Source: NPR May 13, 2021

Vaccine Incentive Programs

As of July 28, 2021, at least 189,494,180 people or 58% of the population have received at least one dose. Overall, 163,588,042 people or 50% of the population have been fully vaccinated.

On Thursday, July 29, President Biden called on state and local governments to use funds from his $1.9 trillion American Rescue Plan to offer $100 payment to individuals as incentive to get vaccinated. The payments would be offered to newly vaccinated Americans.

Source: ABC News

Do incentives work? Yes… and no. Some people are motivated by cash incentive but some are not.

On May 27, 2021, California Governor Gavin Newsom launched the $116.5 million vaccine incentive program – the biggest in the nation – to boost vaccinations as California prepares to fully reopen the economy June 15, $100 million in $50 prepaid or grocery cards for the next two million newly vaccinated people, and $16.5 million in cash prizes for all vaccinated Californians.

Ohio’s Vax-a-Million lottery program, which offered $1-million prizes and full-ride four-year college scholarships to vaccinated people. A study published in the Journal of the American Medical Association suggests lottery incentive programs do not increase the likelihood that individuals will become vaccinated.

Gov. Gavin Newsom of California and winners of the “Vax for the Win” lottery in Los Angeles last month.

Vaccination Mandate from Employers

President Biden announced Thursday a strict new vaccine requirement for US federal workers, the nation’s largest workforce with some two million people. The order requires employees to show proof of vaccination or be subjected to mandatory testing and masking. “This is an American tragedy. People are dying, and will die, who don’t have to die,” Biden said in the East Room of the White House.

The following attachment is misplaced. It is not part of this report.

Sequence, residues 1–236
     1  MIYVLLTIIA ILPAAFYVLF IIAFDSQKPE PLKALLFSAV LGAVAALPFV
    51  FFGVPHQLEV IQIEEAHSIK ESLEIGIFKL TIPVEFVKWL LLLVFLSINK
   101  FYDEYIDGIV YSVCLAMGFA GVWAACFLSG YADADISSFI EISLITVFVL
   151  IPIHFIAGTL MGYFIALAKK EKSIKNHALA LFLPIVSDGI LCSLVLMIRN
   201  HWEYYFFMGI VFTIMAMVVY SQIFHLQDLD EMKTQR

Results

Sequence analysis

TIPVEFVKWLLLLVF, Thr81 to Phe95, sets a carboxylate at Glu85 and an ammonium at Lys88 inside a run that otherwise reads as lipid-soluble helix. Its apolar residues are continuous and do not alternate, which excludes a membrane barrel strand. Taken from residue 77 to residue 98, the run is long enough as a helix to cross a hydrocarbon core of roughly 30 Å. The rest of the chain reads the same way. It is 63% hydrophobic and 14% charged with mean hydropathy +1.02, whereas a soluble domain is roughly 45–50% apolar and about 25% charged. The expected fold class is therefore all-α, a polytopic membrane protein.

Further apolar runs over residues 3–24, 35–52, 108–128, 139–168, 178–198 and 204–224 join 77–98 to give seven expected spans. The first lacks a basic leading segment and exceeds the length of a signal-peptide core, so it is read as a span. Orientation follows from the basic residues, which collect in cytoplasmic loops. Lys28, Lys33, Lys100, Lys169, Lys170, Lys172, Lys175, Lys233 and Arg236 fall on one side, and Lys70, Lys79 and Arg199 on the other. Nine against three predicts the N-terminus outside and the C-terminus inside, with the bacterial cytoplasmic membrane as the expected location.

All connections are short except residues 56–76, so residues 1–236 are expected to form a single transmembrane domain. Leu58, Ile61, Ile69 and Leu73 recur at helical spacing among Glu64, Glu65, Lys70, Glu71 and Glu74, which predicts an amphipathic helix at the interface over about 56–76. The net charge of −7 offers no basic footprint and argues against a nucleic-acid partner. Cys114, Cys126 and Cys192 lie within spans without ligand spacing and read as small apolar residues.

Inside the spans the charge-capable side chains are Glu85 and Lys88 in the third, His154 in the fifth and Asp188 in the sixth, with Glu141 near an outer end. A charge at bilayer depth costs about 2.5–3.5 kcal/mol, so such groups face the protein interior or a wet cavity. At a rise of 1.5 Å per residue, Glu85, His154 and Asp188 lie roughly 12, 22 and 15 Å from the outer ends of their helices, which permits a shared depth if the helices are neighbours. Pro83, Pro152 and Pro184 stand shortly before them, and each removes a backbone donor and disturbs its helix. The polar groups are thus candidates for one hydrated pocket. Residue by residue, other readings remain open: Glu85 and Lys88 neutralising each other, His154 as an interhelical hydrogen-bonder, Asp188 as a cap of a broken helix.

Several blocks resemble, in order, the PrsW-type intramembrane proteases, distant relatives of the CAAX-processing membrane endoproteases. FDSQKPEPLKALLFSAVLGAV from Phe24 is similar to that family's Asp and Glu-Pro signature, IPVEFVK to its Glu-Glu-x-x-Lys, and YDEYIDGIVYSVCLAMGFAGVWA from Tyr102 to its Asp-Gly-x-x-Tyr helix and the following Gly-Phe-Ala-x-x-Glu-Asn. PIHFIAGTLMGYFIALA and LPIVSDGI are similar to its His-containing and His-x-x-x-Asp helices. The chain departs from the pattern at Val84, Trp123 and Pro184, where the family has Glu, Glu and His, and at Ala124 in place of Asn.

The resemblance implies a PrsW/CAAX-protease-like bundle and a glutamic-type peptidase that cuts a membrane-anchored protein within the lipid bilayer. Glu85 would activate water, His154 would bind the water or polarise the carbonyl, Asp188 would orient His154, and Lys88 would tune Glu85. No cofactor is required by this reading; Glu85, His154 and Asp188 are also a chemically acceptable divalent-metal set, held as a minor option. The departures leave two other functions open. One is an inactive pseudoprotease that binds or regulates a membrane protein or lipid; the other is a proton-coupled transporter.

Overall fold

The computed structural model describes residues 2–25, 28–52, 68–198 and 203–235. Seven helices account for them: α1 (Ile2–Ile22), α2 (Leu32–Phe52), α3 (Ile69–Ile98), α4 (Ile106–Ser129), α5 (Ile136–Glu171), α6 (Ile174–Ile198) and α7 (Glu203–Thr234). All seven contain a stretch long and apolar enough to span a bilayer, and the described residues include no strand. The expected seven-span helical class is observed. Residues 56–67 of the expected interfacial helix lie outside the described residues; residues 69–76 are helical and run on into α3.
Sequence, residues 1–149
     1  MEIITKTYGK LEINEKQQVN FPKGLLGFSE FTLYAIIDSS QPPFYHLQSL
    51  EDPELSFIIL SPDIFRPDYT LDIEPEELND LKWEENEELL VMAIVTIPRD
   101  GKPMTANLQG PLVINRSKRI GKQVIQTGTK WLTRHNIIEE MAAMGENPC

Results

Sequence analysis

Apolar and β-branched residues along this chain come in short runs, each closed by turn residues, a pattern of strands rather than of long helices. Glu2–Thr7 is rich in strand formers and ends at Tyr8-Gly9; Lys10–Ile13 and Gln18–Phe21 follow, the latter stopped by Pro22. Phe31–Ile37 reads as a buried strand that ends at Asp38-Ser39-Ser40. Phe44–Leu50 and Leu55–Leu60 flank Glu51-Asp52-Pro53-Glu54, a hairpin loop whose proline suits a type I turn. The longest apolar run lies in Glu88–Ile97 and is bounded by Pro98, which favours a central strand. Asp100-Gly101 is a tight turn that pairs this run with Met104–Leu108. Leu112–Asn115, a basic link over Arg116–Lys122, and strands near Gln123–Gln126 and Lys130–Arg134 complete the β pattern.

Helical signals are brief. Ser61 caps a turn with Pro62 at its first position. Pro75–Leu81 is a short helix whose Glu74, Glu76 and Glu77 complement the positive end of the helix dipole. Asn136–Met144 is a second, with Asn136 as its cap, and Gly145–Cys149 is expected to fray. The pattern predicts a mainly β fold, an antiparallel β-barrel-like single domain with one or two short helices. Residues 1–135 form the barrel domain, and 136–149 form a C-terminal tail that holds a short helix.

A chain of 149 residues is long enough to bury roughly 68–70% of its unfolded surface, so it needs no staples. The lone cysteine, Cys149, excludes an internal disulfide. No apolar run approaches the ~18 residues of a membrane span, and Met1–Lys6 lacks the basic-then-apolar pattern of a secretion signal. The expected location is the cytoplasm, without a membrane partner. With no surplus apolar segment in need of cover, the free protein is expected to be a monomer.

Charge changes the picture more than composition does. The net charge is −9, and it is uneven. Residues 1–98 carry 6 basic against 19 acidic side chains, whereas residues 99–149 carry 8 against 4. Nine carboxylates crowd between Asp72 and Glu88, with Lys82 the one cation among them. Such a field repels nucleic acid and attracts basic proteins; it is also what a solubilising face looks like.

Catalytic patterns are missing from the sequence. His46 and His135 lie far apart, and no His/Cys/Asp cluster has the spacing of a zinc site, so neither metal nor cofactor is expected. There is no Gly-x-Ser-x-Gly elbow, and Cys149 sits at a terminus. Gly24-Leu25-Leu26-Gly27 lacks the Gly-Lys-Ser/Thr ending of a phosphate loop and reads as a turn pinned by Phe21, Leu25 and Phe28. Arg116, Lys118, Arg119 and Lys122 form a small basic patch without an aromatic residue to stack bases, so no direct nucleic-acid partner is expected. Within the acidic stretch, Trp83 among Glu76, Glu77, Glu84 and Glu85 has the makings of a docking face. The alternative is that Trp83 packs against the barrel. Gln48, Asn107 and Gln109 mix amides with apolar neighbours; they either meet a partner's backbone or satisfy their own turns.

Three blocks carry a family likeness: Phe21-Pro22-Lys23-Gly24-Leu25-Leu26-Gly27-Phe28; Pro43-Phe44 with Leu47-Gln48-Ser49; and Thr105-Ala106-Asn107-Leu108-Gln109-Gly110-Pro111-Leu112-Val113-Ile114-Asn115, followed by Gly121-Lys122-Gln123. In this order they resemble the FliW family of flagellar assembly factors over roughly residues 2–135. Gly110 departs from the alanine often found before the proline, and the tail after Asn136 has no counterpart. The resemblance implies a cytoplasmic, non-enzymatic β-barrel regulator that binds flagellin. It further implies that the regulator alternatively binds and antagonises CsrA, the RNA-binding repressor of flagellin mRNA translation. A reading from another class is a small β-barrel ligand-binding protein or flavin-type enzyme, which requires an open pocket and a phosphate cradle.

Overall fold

After months of encouraging employees to get vaccinated against Covid-19, companies are beginning to roll out mandates – a dramatic escalation of Corporate America’s approach to halting the spread of the virus.

On Wednesday, Google and Facebook became the first two Silicon Valley giants to issue mandates of their own.

Here are the companies that have announced Covid-19 vaccine requirements for at least some of their employees:

Google, Facebook, Twitter (TWTR), Netflix, BlackRock (BAAPX), Morgan Stanley (MS), Delta, Disney, Saks Fifth Avenue, The Washington Post, Ascension Health, Lyft, and Uber. The list is growing.

~ ~ ~

What do you think about vaccination?

Do I enjoy being poked by the needles? No, I don’t. I’m allergic to some unknown medications to me and my doctors. The allergic reaction caused inflammation to my entire body and I ended up in the hospital in March 2018 and November 2019. Yet, I signed up on three scheduling sites to line up for vaccination. I only got a sore arm from the first shot and a mild rash from the second shot.

My son-in-law is one who fears needles since a kid. My daughter and he signed up to fill the spots when individuals failed to show up for the vaccine. At the time they signed up, only the folks 65 and above were eligible. They received notification for the availability and went from Portland, Oregon to Vancouver, Washington to receive the vaccine. I was there visiting them when they had the second shot. My son-in-law rode his bike for more than an hour from his home to the clinic to take his mind off the fear of the needle.